8 on Eight: August Contest Feedback

eight on eight 2Thank you to all the brave souls who entered this month’s 8 on Eight contest! Sharing your writing takes courage, and we appreciate your enthusiasm for our contest.

If your name wasn’t drawn from the Triwizard cup this time around, keep an eye out for when our next contest window opens at 8 PM on August 31st. Below, we’ve posted the first 8 lines from this month’s winner, along with feedback from at least eight of our members. We also encourage our readers to share their (constructive) suggestions and encouragement in the comments section below.

 

ZACH BEACON STRIKES OUT: Contemporary middle-grade novel

I knocked the dirt from my cleats and glared at the pitcher. “Gimme a fast one, Joey, if you’ve still got it in you.”

“Whatever, man. It’ll be midnight before my arm gets tired.” Joey went into a windup—and fell over laughing.

I’d done my signature bat-waggle butt-wiggle. It gets them every time.

“All right, Zach, knock it off,” said Coach Clark from the dugout.

I rested the bat on my shoulder. “Aw, Coach, we’re just messing around.”

“Zachary!” yelled a voice from the stands. “This is the last day of spring tryouts. Pay attention!”

Jessica: This opening does a good job of pulling me in to a concrete scene. That said, I can’t quite put a finger on Zachary. In the first line, he issues an ultimatum to the pitcher and glares at him, which makes him seem quite intense. But then the butt-wiggle (which I love) tells me he’s a total goofball. My sense is that he’s baiting the pitcher with the first line, but I’m not sure why he would glare, rather than grin or something more consistent with him being a clown. In addition, I wonder about the voice yelling from the stands. It feels as though the voice knows Zachary quite well, which makes me think Zachary would immediately recognize it (Mom or Dad, perhaps?) rather than think of it as “the voice,” which feels unfamiliar. Overall, though, this is a solid opening that would make me want to read on. Nice work!

Michelle: Love your opening! A lot of first-person POV middle-grade opens with the MC telling you a bunch of stuff, but you smartly skipped all of that and pulled us into the scene. You do a great job of giving us glimpses into the MC and his relationship with Joey, which is no easy task within 8 lines. I agree with Jessica that the word glare threw me off, because at first I thought Zachary and Joey were adversaries. But I’m pretty sure they’re buds.

Just a couple of things I want to point out. The sequencing here threw me off.

“Whatever, man. It’ll be midnight before my arm gets tired.” Joey went into a windup—and fell over laughing.

I’d done my signature bat-waggle butt-wiggle. It gets them every time.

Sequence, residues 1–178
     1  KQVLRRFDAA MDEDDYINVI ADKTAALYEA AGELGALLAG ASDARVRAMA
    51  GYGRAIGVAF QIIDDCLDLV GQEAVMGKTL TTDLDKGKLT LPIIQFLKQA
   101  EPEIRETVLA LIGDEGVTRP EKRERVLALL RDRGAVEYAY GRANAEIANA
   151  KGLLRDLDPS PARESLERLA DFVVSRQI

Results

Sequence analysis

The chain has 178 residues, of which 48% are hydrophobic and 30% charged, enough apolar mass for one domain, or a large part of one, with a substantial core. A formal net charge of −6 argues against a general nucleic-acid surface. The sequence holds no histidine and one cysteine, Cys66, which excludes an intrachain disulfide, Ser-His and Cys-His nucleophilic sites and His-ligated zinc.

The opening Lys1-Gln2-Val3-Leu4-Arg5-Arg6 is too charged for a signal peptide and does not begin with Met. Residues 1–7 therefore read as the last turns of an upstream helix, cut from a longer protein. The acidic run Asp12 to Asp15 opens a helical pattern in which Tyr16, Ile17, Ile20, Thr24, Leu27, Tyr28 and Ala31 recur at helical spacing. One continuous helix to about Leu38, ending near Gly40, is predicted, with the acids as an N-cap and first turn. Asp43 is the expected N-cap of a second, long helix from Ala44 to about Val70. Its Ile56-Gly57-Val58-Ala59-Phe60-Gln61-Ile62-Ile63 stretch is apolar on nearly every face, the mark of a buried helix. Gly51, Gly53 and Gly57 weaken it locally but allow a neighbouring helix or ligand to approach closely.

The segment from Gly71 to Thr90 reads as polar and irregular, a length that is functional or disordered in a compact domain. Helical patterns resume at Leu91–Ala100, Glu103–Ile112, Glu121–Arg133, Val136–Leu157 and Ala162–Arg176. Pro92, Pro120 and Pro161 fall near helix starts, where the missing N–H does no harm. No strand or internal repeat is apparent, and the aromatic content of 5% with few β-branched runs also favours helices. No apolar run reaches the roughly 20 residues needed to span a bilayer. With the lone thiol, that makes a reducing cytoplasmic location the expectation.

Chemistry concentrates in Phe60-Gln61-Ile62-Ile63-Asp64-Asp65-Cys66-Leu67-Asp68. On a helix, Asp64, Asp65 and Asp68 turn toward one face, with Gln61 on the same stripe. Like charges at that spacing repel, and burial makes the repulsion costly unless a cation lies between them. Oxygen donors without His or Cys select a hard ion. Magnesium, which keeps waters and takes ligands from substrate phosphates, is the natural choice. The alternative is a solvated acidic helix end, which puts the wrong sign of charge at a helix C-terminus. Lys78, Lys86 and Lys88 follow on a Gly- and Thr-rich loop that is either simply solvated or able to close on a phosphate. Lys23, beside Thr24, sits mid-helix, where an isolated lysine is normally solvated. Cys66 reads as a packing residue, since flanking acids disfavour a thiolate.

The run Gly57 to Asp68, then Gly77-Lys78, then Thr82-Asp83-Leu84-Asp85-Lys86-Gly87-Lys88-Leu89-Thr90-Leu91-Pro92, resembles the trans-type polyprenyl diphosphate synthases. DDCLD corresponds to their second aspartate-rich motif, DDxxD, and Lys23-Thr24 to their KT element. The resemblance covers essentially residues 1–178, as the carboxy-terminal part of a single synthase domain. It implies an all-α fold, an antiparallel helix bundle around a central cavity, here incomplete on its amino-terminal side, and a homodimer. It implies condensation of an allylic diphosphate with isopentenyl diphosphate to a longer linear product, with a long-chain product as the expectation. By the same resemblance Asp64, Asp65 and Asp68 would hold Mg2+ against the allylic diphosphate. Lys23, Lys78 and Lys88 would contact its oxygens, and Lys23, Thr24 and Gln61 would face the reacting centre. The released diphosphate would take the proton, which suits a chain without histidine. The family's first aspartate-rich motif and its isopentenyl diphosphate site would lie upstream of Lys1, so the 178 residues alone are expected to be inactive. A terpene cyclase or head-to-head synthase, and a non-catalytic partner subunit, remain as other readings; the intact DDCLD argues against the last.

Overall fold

I think you need at minimum a paragraph break between Joey’s dialogue and his action since the bat-waggle butt wiggle happens before he falls over. Even better, I think having Joey do something else before the windup would help- like wipe the sweat of his face, adjust his cap, nod with a focussed gaze on Zachary. Also, should the last sentence here say, “It gets him every time?” Or is this a move he always uses on the pitcher?

It would also be nice if we know how the coach reacts to what Zachary says to him before you break to the voice (is this someone he knows?) in the bleachers.

Have you considered writing this in close third POV? I’ve been playing with your words in my head, and I think it would work really well with your story.

I would definitely want to read more! Keep in touch with us about how things go!

Richelle: You have a lot of zing in this opening — I love how it moves. I agree with Jessica that there’s a bit of a disconnect between the glaring, smack-talk Zachary and the butt-wiggle Zachary. While I love both moments, it does feel like two different kids. When we later learn that this is spring try-outs, it made me wonder: Does Zachary take try-outs seriously? Or is he assured a place on the team and so feels comfortable joking around? What about Joey? Is he nervous about making the team? How do their respective attitudes about try-outs color this interaction?

I also agree with Michelle that the sequencing of the pitcher falling over and the butt-wiggle — it threw me off, and I had to read twice to figure out what was happening. And since I love character motivation, I really wanted to know why Zachary was joking around. Is he trying to mess Joey up? Trying to lighten the mood for everyone? Is that his way of shaking off his own tension?